THE OLD APPLE TREE
By Cecille Langdon.
"I'll get-even with him if it
takes twenty years I'll have it out
with Mark Dawson !"'
The owner of "Hillside Farm,
spoke the words vengefully. His
fist was clenched, his face dis
torted, and youth, prosperity and
the possession of broad fruitful
Mark's Face Showed Anxiety.
acres seemed to have no force to
subdue his angry mood.
"If I may make a suggestion, "
observed his insinuating compan
ion, Lawyer Dole, "I don't think
I'd make my life miserable over a
trifle. Why, what more do you
want than what you've got, Tom
Lacey? The favored heir of old
Peter Babson married to the
handsomest girlin-the district "
'Bah!" shouted the other rage
fully. "What is she or the money
to me against the only girl I ever
loved? I tell you, Dole, I was
robbed of Leila Dallas. When
that handsome wife of mine, as
you call her, gets in her tantrums,
and I realize what I've lost, it
about sets me wild. Here Daw
son has settled down right under
my nose, fairly flaunting his sue--cess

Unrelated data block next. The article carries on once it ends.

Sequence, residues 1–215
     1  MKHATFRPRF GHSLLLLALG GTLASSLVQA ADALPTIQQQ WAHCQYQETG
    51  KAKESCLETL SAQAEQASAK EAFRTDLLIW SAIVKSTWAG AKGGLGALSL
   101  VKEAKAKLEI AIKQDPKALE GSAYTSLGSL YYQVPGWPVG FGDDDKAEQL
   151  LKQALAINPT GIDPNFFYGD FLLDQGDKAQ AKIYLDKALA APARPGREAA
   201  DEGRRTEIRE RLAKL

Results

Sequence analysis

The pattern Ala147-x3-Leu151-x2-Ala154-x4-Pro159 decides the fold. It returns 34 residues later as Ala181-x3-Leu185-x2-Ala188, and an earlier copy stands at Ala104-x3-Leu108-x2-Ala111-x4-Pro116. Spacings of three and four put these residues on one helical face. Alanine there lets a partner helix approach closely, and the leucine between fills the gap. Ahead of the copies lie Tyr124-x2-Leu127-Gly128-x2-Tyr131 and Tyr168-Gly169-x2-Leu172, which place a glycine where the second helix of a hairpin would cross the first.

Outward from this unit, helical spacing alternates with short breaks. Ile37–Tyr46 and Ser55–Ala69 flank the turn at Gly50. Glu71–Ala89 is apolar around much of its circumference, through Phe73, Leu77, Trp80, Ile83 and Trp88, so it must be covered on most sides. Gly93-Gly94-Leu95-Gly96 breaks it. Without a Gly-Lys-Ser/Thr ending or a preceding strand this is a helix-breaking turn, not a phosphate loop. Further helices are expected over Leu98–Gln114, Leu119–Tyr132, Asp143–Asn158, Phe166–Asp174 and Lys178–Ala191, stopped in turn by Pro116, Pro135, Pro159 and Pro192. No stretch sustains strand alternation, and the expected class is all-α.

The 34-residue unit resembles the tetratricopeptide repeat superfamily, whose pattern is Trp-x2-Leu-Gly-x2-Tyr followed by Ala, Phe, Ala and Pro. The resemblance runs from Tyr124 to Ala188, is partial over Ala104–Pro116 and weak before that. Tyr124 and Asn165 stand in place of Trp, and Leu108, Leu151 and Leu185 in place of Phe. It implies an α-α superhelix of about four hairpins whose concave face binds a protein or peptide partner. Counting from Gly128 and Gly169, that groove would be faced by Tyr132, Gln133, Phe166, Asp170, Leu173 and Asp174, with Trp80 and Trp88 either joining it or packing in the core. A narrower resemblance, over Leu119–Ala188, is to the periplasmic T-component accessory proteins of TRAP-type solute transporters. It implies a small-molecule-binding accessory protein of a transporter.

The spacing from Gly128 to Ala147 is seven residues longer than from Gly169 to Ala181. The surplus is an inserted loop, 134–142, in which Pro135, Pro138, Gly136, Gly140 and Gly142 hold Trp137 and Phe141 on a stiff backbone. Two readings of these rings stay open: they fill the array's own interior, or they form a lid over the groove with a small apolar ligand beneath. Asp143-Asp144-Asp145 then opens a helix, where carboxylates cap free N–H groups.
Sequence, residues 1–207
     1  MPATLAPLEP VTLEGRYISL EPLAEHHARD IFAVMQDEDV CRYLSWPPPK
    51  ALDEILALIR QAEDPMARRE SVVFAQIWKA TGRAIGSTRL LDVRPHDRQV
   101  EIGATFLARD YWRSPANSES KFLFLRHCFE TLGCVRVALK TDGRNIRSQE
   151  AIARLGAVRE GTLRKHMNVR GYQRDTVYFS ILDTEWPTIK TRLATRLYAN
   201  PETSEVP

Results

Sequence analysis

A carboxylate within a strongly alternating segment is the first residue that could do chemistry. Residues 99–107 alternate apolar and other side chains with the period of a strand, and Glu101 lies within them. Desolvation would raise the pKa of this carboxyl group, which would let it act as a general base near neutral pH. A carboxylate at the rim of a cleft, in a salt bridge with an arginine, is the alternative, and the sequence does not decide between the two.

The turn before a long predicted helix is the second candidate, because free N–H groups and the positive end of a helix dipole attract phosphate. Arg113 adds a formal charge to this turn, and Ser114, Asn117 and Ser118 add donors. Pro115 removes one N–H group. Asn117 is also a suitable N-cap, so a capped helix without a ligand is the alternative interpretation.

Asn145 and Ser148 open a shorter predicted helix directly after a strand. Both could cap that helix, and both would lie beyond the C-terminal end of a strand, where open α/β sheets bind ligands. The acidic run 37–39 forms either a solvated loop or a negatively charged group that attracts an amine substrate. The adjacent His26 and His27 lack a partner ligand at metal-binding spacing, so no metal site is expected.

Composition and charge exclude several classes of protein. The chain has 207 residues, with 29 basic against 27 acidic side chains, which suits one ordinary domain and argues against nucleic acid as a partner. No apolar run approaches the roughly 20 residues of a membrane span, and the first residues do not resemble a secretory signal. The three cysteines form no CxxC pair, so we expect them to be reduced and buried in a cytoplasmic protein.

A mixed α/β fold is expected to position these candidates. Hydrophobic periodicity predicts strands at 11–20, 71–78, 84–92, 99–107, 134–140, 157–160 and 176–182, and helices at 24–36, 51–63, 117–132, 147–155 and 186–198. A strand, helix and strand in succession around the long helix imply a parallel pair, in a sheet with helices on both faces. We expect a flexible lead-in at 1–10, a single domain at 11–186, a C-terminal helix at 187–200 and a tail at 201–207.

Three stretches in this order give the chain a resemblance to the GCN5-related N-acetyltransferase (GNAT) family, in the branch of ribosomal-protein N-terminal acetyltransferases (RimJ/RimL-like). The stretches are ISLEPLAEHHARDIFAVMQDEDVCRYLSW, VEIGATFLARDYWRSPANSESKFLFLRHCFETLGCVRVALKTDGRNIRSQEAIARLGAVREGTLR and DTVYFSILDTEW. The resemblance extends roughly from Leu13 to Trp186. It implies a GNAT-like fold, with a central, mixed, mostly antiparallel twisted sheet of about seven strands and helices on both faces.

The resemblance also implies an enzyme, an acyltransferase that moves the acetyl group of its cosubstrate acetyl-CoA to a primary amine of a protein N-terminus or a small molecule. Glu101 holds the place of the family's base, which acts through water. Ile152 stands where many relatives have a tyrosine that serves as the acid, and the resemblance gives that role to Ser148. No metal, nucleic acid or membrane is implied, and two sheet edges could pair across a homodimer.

in winning Leila."
"I reckon it was the only place
he had to settle down in, Lacey.
The girl liked him best and nat
urally married him. They're as
poor as church mice. That ought
to be some satisfaction to you. It
was a fair deal, the love end of it.
As to the business end, you got
the bulk of what your uncle left.
Be happy over it and smother
"I'll drive the Dawsons out of
the neighborhood before I do!"
muttered Lacey darkly.
For a young man with fairly
growing prospects in life, Tom
Lacy was in an unthankful and
dangerous mood. He had nursed
his one grievance till it began to
tinge everything he did with
somber arfd tragic gloom. He and
Mark were cousins. They had
both courted pretty Leila Dallas.
Certainly the little lady had giv
en Tom no cause to suppose she
favored him. When she married
the man of her choice, however,
Tom felt bitterly wronged. He
refused to even notice the happy
pair. Then in a bit of pique he
went off and married a flashy, ig
norant, but really handsome
woman, flaunted her fine clothes
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